HACC Scene Representation and Hardware
(upper part of
Radar systems have
been chosen by industry in the 1990’s to introduce “Adaptive
Cruise Control” (ACC) into the car market; these
systems were intended to work above a certain lower cruise speed
on highways keeping a speed-dependent distance to the vehicle
They cannot detect
roads and lane markings in the general case,
resolution is poor, and
they may generate
false alarms from multi-path reflections.
combinations of these types of systems with vision have been
investigated in the late 1990’s. Together with an industrial
partner, the combination of radar and visual interpretation
sketched in the figure (at left) has been
investigated with the test vehicle VaMP.
hypotheses generated from radar are checked by vision;
those finding no support from vision are deleted.
information on lanes and on the width of the vehicle observed,
both horizontal and vertical curvature of
the road (the
latter one is coded in the yellow bars moving vertically).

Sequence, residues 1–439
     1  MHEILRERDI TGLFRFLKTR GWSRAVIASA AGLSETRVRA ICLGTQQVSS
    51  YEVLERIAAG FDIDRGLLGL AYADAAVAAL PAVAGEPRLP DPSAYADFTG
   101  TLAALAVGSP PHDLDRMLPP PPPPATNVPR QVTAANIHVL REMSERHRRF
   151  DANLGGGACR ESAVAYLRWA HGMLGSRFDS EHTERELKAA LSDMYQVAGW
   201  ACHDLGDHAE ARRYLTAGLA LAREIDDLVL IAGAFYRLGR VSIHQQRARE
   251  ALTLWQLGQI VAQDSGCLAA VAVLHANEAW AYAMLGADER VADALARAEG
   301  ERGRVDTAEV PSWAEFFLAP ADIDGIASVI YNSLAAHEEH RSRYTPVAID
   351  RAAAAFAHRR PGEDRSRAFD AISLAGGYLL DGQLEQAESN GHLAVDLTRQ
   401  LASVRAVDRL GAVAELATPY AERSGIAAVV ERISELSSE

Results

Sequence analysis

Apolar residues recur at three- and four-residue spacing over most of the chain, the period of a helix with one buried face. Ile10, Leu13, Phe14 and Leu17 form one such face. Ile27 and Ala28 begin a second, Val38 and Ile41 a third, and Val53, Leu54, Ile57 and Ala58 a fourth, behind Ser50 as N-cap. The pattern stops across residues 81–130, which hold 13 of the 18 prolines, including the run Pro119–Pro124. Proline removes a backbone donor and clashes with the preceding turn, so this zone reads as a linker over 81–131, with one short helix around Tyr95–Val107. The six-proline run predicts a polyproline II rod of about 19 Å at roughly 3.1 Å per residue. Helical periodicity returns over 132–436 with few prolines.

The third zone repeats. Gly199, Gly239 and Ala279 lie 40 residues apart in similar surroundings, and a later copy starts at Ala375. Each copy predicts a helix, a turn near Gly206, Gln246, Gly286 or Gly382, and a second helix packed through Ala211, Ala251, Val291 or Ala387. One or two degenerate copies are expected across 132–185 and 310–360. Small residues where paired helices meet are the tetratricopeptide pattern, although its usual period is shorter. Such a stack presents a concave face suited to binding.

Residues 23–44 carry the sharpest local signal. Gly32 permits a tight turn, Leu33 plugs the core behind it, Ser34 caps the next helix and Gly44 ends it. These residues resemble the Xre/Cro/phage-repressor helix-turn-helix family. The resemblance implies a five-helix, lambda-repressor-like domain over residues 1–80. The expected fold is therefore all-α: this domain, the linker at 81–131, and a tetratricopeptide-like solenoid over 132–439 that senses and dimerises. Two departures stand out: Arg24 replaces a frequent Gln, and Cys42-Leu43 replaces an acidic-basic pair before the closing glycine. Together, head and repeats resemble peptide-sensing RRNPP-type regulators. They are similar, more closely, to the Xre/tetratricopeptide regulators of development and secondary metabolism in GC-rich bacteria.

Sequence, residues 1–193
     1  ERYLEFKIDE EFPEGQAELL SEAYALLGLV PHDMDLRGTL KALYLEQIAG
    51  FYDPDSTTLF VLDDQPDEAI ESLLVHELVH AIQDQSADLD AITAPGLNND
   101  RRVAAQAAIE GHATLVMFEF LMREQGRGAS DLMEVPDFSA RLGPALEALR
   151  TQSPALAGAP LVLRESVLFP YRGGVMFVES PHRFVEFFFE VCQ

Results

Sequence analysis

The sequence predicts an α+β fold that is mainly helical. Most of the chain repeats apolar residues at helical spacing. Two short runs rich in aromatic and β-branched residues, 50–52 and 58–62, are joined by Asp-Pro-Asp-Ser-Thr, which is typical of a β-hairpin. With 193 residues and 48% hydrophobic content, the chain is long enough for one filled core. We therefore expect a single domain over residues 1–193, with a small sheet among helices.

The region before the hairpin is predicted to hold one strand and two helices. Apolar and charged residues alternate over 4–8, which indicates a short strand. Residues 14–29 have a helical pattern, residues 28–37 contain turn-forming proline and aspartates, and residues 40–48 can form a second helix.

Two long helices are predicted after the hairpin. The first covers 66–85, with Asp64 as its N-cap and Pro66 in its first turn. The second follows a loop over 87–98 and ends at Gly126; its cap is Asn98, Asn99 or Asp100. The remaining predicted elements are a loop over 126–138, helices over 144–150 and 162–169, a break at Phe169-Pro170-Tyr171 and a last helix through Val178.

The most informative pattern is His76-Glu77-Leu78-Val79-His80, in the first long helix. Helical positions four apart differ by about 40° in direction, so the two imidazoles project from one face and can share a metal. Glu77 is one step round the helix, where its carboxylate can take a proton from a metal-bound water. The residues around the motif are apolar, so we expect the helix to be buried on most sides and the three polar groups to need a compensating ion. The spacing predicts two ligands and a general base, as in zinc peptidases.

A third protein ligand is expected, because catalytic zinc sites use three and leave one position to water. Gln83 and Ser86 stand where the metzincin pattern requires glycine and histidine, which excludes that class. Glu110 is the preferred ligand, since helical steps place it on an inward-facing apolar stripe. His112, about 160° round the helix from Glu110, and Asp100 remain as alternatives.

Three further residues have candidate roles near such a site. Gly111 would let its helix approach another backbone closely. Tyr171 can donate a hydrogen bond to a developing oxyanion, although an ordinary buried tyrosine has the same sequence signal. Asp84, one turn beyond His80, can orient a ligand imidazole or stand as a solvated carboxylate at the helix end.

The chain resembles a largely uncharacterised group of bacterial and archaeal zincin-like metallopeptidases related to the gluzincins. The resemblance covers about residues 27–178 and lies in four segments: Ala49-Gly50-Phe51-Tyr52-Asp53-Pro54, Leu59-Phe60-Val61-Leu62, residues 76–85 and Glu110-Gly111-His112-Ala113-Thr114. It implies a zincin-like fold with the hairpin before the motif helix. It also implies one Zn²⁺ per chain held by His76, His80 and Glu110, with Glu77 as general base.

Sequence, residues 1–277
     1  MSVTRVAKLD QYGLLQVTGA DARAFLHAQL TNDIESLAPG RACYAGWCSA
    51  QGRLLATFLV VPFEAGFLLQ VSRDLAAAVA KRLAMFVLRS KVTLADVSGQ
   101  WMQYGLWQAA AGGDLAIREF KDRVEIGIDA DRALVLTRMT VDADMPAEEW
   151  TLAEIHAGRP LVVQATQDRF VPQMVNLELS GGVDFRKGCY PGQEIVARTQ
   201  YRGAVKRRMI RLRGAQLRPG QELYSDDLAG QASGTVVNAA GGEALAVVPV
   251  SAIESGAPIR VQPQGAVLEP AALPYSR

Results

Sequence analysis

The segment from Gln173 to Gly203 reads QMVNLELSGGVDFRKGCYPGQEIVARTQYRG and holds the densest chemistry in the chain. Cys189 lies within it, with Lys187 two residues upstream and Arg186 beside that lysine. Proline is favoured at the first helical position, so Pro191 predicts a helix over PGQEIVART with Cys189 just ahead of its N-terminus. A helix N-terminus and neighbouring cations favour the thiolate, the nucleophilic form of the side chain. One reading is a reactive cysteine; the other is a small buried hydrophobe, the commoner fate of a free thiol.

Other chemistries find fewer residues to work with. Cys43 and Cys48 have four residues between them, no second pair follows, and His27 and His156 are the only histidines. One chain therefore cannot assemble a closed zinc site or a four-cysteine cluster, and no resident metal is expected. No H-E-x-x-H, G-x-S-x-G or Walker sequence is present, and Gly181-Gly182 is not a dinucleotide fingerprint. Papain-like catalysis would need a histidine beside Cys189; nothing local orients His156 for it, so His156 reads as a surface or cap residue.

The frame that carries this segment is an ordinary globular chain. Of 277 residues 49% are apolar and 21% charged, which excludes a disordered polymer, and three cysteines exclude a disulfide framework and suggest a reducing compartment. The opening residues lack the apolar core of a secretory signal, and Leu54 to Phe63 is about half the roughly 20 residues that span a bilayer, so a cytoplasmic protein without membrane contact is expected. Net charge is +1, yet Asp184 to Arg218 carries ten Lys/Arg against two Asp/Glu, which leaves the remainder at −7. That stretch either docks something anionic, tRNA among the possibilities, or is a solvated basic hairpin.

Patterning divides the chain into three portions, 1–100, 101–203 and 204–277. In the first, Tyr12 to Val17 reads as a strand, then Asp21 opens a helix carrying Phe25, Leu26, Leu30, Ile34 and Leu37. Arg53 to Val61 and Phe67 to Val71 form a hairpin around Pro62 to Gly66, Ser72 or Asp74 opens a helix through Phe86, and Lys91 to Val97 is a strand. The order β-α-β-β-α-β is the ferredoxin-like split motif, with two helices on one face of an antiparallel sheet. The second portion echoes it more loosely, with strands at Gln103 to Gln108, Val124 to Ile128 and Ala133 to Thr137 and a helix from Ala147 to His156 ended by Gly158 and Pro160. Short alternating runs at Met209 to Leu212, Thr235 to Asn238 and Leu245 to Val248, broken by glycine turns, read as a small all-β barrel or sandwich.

Adaptive Cruise Control VaMP 2000
Hofmann U, Rieder A,
Dickmanns, ED (2000). EMS-Vision: Application to Hybrid Adaptive
Cruise Control. Proc. Int. Symp. on Intelligent Vehicles
(IV’2000), Dearborn, (MI)
Rieder A (2000).
Fahrzeuge sehen - Multisensorielle Fahrzeugerkennung in einem
verteilten Rechnersystem für autonome Fahrzeuge. Dissertation,
UniBwM / LRT
U, Rieder A, Dickmanns ED (2001). Radar and Vision Data
Fusion for Hybrid Adaptive Cruise Control on Highways. Proc. ICVS,
U, Rieder A, Dickmanns ED (2003). Radar and Vision Data
Fusion for Hybrid Adaptive Cruise Control on Highways. Int.
J. ‘Machine Vision and Applications’, Vol. 14(1),
Springer-Verlag, pp. 42-49
U (2004). Zur visuellen Umfeldwahrnehmung autonomer Fahrzeuge.
Dissertation, UniBwM / LRT,
Dickmanns ED (2007).
Dynamic Vision for Perception and Control of Motion.
Springer-Verlag, (Section 14.6.3)